Forget the time element. Put a meat thermometer into the roast with the tip resting in the thickest part of meat. Start in a hot oven of about 450, put in the roast that has been coated with a thin layer of fat (shortening or butter), salted and seasoned, and roast uncovered for about ten minutes. Turn down the oven temp to about 350 and cook until the thermometer reads 135. REmove from the oven and let rest for about 15 minutes. Carve and serve.
Or, sear the roast in a heavy fry pan until browned on all sides, then place in a 350 to 375 degree oven. Again, use the meat thermometer. Cook to an internal temp. of 135. Remove, let rest, and serve.
Temperature, not time, determines the color, texture, and flavor of the meat.
I would start checking the roast after about a half hour of cooking time at the lower oven temp.
An alternate method is to place the roast into a 450 degree oven, roast for about fifteen minutes, turn off the oven, and let the roast sit in it until the oven is cool. Turn the oven back on for another 15 minutes just to heat the meat to serving temp.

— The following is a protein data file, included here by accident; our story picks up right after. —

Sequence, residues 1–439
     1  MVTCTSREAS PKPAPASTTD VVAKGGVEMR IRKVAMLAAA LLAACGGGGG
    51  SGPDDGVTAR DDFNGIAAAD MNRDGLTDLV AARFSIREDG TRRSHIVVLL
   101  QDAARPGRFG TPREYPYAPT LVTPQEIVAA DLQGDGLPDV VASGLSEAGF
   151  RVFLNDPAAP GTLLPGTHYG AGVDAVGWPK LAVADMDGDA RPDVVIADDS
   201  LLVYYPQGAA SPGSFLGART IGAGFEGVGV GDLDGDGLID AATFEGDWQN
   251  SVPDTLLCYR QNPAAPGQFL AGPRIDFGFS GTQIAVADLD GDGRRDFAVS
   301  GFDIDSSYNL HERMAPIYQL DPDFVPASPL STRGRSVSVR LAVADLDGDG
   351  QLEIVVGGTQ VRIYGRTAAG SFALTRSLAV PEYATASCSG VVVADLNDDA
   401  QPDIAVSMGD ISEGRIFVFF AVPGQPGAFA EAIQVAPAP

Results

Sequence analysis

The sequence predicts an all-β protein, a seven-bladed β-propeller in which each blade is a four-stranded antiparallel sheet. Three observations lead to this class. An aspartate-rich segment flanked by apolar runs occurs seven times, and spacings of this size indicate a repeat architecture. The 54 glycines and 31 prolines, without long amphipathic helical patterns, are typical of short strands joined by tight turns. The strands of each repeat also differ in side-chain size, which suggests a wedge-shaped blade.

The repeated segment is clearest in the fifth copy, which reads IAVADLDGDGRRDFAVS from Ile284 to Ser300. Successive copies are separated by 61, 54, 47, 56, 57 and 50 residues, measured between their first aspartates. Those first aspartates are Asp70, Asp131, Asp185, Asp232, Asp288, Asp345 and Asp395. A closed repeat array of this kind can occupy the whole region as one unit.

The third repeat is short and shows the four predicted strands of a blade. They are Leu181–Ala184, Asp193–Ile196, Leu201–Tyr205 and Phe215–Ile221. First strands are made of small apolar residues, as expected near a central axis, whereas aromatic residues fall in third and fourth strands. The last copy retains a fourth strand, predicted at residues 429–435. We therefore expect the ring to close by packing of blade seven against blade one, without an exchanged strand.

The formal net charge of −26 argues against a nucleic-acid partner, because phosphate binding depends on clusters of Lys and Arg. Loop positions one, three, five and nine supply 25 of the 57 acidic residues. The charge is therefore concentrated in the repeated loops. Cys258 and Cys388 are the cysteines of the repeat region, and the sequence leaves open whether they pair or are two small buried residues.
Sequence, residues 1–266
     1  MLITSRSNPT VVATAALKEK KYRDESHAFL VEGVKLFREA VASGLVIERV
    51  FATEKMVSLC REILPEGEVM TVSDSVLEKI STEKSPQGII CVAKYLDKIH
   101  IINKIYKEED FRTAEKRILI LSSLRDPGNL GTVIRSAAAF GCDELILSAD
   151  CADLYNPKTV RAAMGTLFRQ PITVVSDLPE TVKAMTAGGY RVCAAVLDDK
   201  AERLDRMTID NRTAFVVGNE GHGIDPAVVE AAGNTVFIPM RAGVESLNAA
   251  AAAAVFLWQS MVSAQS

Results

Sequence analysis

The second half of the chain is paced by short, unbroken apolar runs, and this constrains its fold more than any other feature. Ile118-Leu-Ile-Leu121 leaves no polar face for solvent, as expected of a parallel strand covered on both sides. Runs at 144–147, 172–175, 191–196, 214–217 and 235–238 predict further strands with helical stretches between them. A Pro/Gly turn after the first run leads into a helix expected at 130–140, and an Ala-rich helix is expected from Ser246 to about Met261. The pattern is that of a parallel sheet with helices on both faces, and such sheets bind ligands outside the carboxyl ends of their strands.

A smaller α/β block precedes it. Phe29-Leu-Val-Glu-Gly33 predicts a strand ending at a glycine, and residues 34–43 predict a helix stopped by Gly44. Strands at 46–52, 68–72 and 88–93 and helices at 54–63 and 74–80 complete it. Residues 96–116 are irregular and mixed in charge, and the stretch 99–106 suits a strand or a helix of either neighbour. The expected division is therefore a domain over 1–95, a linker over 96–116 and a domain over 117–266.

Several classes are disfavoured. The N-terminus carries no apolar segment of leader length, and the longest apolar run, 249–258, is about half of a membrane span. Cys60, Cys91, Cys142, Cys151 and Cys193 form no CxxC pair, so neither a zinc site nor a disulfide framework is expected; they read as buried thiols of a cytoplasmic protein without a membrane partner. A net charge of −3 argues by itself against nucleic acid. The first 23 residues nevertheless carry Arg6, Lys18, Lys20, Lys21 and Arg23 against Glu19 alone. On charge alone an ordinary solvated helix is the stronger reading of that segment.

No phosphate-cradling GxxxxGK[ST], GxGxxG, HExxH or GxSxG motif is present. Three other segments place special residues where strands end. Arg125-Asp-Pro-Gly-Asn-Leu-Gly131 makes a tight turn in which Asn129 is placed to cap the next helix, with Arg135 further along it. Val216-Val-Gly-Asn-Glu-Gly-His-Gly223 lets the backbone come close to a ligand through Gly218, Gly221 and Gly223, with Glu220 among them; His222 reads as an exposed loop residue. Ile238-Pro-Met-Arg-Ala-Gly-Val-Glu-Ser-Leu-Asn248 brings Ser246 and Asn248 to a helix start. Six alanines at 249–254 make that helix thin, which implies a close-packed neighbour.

Again, the idea is to let the meat temp rise to only about 135 degrees.
There are a host of other techniques, but they all result in about the same result. The flavors will change subtly with the technique used. If you add lardoons to the roast, it will brown better, and be more juicy. Seasonings play an important role as well. If you cook low and slow, you will get juicy and tender, but without the familiar and tasty browning achieved with a hot oven. Of course that can be corrected by a couple of minutes under a hot broiler.
I hope this isn't confusing you. The main thing you are watching is the meat temp.
The other advantage of using temperature rather than time is that meat varries by type, moisture content, humidity in the air,, and especially size. Using the meat temperature as your guide elliminates guesswork. You never have to worry about gauging time to the roast size.
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